Over the past three weeks I’ve had the privilege of being able to continue my work from home. Fortunately, adjusting to life to home was also quick but in short, I’ve found that it’s not how much extra time you have, but the uninterrupted stretches of time that are valuable.
To fill these stretches some content has, paradoxically been more accessible than ever. I went to a conference and attended two architecture talks – and the talks and the conference are still available for viewing!
Digital WorldBike Conference
With great timing, a small group of bike advocates had been planning to host the world’s first online bike conference this year – and it went off with only minor issues. I found out about the conference just before midnight, and within that hour I was registered and attending the first talk. The choice of platform was unexpected and its first impression will likely leave you a bit skeptical:
I haven’t seen such a modestly, yet earnestly rendered setting since Mavis Beacon but the more you dig in the more there is to like. The background flickers from one city to another, complete with a reveal of the Matrix in between, and isn’t that what these same-ish, sparsely populated conference facilities around the world are *all* like? At a squint it could be the Melbourne Convention Centre, or the riverbank.
Irony aside the setting worked unexpectedly well as a ‘conference’ – I ‘saw’ someone I indirectly work with but have never met at the ‘cafe’, and stopped to talk to a YouTuber I followed a few years back.
In the faux ‘conference’ centre the program is divided into three themes, hosting a total of 21 speakers discussing cycling under the lens of either Mobility, Sports or Tech. Being there primarily for ‘Mobility’, I found it delivered exactly the talking points I came to hear about concerning the delivery of mobility infrastructure, including cycling and walking infrastructure and getting a better understanding of the demographics that use them.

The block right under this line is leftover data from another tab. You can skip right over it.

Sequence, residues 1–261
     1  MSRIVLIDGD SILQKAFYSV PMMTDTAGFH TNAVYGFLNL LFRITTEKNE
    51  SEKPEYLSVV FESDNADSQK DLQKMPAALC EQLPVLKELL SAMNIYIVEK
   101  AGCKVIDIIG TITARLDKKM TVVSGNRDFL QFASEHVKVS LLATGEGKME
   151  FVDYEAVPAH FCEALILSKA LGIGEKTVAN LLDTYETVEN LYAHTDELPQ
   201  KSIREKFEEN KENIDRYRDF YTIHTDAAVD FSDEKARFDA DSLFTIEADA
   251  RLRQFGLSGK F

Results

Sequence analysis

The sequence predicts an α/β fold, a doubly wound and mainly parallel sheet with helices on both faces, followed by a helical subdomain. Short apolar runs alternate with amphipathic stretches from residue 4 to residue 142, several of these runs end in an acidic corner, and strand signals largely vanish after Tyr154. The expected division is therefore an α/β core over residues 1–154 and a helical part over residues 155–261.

Raluca Fiser, president of the World Cycling Alliance takes the prosaic theme ‘Trends in Urban Mobility’ and turns it into a world spanning, inspiring history of social mobility on two wheels.
Self-professed ‘Cyclist Thinker’ Marco te Brommelstroet opened with a talk on the importance of language in shaping perceptions of what mobility could be. He calls out a discussion that is often overly focused on speed and optimisation of travel time, and advocates expanding the notion of mobility to include the general social utility of being in public.
Putting a name to ‘Indirect interactions’ (what you get when you stop at a bike box with other cyclists) made me miss city life, but it also names the social quality of seeing everyone during isolation rediscovering their local neighbourhoods, parks and trails.
The Digital WorldBike Conference is available for viewing until April 30.
The Architect’s Bookshop Talks: Angelo Candalepas
This series of streamed talks hosted by a small architecture bookshop in Sydney was organised out of necessity, but as a result has been drawing far larger audiences than expected across all states.